“Marla’s paintings are like a Rorschach,” he said. “Some people see a kind of divinity when they look into them and others see a hoax. I wanted to do a David and Goliath story, one that exonerated the family. That story didn’t turn out.”

Exonerated them of WHAT??

I distinctly remember seeing this shy but self-possessed little girl phenom older than four but not by much, with a fat blond braid and her huge colorful canvases, on a daytime tv feature, maybe with Katie Couric on TODAY? Does anyone else remember?

I remember wondering then what her parents were thinking,
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Just Bought This Book

25 01 2007

…after hearing its author, Chris Hedges on NPR today.

Here’s what Salon.com wrote about the book:

Hedges was part of the New York Times team of reporters that won a 2002 Pulitzer Prize for explanatory reporting about global terrorism.

“>such intimacy with horror, one might expect him to be aloof from the seemingly less urgent cultural disputes that dominate domestic American politics. Yet in the rise of America’s religious right, Hedges senses something akin to the brutal movements he’s spent his life chronicling. The title of his new book speaks for itself: “American Fascists: The Christian Right and the War on America.”

Scores of volumes about the religious right have recently been published (one of them, “Kingdom Coming: The Rise of Christian Nationalism,” by me), but Hedges’ book is perhaps the most furious and foreboding, all the more so because he knows what fascism looks like.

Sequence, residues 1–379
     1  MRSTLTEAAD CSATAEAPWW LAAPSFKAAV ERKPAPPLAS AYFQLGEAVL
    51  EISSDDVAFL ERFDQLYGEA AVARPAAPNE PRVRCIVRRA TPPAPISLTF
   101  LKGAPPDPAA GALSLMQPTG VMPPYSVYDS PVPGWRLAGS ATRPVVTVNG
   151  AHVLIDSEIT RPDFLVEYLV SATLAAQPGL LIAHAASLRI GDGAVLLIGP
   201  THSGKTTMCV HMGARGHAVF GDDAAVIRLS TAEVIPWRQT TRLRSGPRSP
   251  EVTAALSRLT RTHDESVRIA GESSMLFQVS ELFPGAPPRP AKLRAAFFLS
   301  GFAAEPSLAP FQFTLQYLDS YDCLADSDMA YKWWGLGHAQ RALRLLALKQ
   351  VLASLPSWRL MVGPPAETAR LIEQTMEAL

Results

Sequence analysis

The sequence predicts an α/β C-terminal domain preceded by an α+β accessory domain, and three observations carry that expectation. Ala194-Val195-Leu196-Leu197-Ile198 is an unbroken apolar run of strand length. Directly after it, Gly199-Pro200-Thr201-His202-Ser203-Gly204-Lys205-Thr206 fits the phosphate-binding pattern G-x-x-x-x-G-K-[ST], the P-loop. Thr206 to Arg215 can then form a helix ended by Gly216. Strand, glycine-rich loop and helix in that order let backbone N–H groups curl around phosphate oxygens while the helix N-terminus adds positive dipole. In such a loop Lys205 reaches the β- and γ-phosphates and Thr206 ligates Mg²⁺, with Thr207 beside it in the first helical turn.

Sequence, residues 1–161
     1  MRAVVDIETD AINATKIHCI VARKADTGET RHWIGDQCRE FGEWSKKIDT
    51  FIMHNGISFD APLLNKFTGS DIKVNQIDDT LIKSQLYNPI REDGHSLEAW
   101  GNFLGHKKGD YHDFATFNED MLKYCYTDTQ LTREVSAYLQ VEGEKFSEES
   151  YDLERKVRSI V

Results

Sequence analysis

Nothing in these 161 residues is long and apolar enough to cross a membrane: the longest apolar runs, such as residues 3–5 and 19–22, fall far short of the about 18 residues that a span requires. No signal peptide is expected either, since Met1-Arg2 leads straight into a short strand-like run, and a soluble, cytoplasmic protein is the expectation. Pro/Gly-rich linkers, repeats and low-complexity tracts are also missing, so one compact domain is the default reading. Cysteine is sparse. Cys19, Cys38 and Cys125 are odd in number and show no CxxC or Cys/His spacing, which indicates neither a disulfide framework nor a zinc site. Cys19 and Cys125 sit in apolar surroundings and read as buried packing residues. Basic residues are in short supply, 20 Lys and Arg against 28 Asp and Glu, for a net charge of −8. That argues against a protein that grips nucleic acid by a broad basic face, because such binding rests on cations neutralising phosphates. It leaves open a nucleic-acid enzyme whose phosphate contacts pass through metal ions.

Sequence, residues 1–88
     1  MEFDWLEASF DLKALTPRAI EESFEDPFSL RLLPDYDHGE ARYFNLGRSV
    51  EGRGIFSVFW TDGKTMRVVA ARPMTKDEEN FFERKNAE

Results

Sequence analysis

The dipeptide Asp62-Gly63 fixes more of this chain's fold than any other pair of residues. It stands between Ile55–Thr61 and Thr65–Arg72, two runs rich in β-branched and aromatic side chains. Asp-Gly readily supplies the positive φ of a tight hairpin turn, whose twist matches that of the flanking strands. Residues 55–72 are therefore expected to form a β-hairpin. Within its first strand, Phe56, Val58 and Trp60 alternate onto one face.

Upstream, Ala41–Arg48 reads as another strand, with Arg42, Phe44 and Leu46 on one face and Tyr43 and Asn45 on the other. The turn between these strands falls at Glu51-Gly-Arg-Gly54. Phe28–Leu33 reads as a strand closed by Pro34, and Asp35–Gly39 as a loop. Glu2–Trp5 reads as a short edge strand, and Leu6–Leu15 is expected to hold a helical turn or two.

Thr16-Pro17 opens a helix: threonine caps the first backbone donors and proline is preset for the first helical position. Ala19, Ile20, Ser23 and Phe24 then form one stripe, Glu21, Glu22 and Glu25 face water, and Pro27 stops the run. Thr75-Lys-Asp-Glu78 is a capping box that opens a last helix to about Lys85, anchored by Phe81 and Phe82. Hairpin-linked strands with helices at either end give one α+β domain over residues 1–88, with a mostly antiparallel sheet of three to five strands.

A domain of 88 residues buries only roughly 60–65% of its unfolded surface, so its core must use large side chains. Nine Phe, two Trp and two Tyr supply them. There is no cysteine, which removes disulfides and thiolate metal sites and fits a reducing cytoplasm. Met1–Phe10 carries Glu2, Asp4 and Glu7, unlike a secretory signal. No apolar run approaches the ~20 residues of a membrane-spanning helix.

UPDATE – Daryl at HE&OS echoes Hedges’ point today, that while many are “useful idiots” too blind to see, relatively few evangelicals are true Dominionists (fascist theocratic paternalists out to destroy our culture, capitalism and individual liberty) and what we need to do is unite to expose and expel actual Dominionists as the apocalyptic Taliban terrorists they mean to be. . .





Are Our Politics Creative Classy?

24 01 2007

Walter Jones, GA state bureau chief for Morris News Service, advises the creative class on how creativity-killing the “leadership” of power politics has been :

“Author Richard Florida has some observations. At the top is the need for leaders to foster an environment where members feel secure and confident to be creative. Florida’s argument is that it takes creativity to solve complex problems facing society or a business. The more people supplying creative suggestions, the better the solutions are likely to be.

Perhaps that’s intuitive, but just as intuitive is the traditional “chain of command” model in which the person at the top sets the direction and the people below do what they’re told. The way to foster creativity … is to encourage everyone to have a voice, to feel comfortable offering their own quirky opinions, even the weirdoes, the nerds and those in the minority.

They’ll be encouraged as long as what he calls the “squelchers” are kept in check. These are the naysayers, the guardians of the status quo. No one likes to be put down or have his or her ideas minimized.